MP's motion to force same-sex weddings on CofE 'must be decisively rejected'

Ben Bradshaw was one of the first MPs to enter into a civil partnership.(Photo: UK Parliament)

The Christian Institute has condemned a motion by Ben Bradshaw MP "to enable clergy of the Church of England to conduct same sex marriages on Church of England premises in certain circumstances".

The organisation has called the Labour MP's motion a "brazen attack on religious liberty".

The Christian Institute is calling on MPs to reject the motion when it is expected to come up for debate in Parliament next week. 

Protections in the Marriage (Same Sex Couples) Act 2013 means that at present, churches cannot be compelled to conduct same-sex wedding ceremonies. 

The Bill proposing to undo those protections is being introduced under the Ten Minute Rule, and has the support of Dame Margaret Beckett, Harriet Harman and Sir Peter Bottomley.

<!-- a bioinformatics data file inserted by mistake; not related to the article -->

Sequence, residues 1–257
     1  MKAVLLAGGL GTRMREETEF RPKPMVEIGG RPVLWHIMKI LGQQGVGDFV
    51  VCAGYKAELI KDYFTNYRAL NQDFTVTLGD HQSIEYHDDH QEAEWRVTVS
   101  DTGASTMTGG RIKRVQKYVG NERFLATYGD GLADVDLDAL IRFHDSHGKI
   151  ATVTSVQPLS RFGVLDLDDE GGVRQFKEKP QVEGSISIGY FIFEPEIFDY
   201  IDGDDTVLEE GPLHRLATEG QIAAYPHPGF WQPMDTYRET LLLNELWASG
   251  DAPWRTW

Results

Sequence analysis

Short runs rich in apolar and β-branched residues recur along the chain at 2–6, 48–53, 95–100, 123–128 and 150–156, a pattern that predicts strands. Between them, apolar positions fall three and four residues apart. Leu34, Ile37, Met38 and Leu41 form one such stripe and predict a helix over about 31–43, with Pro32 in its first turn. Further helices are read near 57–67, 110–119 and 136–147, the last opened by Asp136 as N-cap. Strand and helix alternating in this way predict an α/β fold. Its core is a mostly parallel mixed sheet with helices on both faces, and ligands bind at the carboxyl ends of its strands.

Few Ten Minute Rule Bills become law but are used to draw attention to certain issues and test the opinion of the House.

Mr Bradshaw said he hoped his motion would be "a precursor to actual legislation".

A spokesperson for the Church of England has told The Times that members of the Church of England's parliament, the General Synod, will "no doubt listen carefully to views expressed in Parliament".

The Christian Institute's Director Colin Hart said that the motion "flagrantly interferes with Church doctrine and must be decisively rejected".

"If successful, this brazen attack on religious liberty undermines, and could ultimately wreck, the whole package of protections for churches."

Anglican theologian Dr Ian Paul raised similar concerns in comments to The Times: "Just think which countries in the world allow the secular state to dictate religious belief. It's not a pretty list."